13 Hours: The Secret Soldiers of Benghazi Film Review

Michael Bay’s latest action extravaganza portrays the deadly 2012 attack on an American diplomatic compound in Libya.

The vast and underserved heartland audience that made such a smash out of American Sniper a year ago finally has some fresh red meat to call its own in 13 Hours: The Secret Soldiers of Benghazi. Michael Bay’s latest in-between-Transformers picture actually features just as much action as his giant toy extravaganzas, being an account of the waves of intense firefights that occurred at the American compound in Libya’s second city on September 11-12, 2012. The big selling point of Mitchell Zuckoff’s book about the incident, which cost the life of Ambassador Christopher Stevens and three others, was its revelation of the hitherto unknown role special ops played in holding marauding local radicals at bay until all American personnel could be evacuated.

But while this adaptation superficially goes out of its way to avoid being overtly political, its patriotic tenor is as unmistakable as its sentimentality. Even if an unmentioned Hillary Clinton has nothing specific to worry about in regard to the film’s content, its mere existence will stir up fresh talk about her behavior regarding the incident, and there’s no doubt that Donald Trump fans will eat this up more enthusiastically than anyone.

Although it was never presented as such in news accounts, the siege on the diplomatic enclave and the secret CIA facility a mile away resembles in its dramatization nothing so much as the battle of the Alamo, albeit with a better ending as far as the Americans were concerned. As with so many accounts of Western involvement in the Middle East and other regions — Black Hawk Down, for starters — this is the story of a fiasco, one made less so by the fierce and selfless commitment of a few good men whose old-fashioned kick-ass attitudes form the crux of the yarn’s appeal.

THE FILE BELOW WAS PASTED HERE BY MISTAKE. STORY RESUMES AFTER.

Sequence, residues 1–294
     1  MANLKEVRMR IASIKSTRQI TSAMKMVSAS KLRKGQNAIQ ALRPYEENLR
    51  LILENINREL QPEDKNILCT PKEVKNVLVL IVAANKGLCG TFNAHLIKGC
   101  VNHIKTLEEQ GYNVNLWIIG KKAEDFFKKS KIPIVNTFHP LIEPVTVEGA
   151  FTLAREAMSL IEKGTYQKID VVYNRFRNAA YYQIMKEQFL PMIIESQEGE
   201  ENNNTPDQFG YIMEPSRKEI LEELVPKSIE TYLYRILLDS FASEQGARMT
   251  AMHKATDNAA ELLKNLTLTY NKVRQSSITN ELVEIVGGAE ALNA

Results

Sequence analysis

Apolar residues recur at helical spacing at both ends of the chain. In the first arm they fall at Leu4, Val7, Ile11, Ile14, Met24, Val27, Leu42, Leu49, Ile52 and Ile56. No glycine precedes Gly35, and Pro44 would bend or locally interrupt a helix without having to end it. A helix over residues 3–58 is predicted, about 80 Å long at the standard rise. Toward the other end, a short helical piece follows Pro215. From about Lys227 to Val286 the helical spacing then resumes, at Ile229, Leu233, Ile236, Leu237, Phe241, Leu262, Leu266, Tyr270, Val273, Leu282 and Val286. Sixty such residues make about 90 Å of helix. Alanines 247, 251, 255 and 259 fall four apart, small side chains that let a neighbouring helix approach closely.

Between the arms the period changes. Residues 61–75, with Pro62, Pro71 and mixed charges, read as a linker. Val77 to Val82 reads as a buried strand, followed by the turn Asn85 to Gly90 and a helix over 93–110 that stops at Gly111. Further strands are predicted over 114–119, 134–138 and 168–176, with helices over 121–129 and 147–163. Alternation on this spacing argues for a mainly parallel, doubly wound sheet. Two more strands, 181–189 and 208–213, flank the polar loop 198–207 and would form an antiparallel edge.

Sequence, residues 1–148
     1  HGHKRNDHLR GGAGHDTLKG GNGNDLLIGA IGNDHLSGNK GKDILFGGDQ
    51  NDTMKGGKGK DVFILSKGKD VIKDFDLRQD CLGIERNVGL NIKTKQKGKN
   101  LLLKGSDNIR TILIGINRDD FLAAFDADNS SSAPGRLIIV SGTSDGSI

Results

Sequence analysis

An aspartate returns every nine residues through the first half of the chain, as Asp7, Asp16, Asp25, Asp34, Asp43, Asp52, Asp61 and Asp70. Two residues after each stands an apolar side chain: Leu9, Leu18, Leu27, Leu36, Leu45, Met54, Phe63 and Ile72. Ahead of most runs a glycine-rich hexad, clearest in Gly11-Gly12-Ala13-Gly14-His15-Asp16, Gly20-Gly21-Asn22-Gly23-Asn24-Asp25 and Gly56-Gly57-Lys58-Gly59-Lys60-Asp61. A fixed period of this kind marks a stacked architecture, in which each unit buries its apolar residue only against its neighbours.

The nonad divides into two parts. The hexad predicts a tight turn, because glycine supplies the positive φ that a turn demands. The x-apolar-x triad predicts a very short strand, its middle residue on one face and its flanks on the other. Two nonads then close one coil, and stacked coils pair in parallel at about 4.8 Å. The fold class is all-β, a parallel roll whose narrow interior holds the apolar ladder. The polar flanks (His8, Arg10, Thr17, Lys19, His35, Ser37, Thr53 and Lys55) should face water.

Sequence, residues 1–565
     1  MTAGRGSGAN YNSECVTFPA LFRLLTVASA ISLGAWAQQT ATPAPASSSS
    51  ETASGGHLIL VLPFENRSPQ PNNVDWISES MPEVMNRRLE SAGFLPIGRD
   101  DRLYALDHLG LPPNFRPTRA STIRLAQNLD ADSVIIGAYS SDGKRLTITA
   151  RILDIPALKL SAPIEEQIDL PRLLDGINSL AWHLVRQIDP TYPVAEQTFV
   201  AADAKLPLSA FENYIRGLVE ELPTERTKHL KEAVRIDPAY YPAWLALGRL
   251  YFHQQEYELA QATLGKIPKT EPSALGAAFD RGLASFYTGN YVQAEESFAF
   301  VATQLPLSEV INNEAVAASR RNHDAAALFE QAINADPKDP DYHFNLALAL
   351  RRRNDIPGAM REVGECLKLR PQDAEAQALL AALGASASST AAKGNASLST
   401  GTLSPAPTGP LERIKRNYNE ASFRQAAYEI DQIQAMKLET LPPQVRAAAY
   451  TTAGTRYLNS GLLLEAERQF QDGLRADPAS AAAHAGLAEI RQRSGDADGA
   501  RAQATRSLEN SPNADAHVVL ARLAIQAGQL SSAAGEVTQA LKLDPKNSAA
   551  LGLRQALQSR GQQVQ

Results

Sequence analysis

Anything remotely relating to the ongoing controversy over then-Secretary of State Clinton’s actions, emails and what she knew when remains implicit; when it’s stated that both American diplomatic outposts in anarchic, post-Muammar Gaddafi Libya, including the relevant one in Benghazi, were among the 12 such sites on the worldwide “critical” list, meaning they were inadequately secured and vulnerable to attack, one is nonetheless left to ponder where the buck stops on this sort of thing.

In any event, the government’s answer is to supply a band-aid in the form of several “private security officers,” the first among equals being former Navy SEAL Jack Silva (John Krasinski), who leaves his family behind one more time to take on a precarious assignment. His impersonation of Davy Crockett is flanked by five other guys with nicknames like Tig and Boon and Tanto and Oz and who are played by buff 30-ish actors whose bushy beards make it next to impossible to tell them apart. But, this being a Michael Bay movie, we can rest assured that they’re all tough, potty-mouthed and at their best when sporting night-vision goggles and handling multiple forms of heavy artillery.


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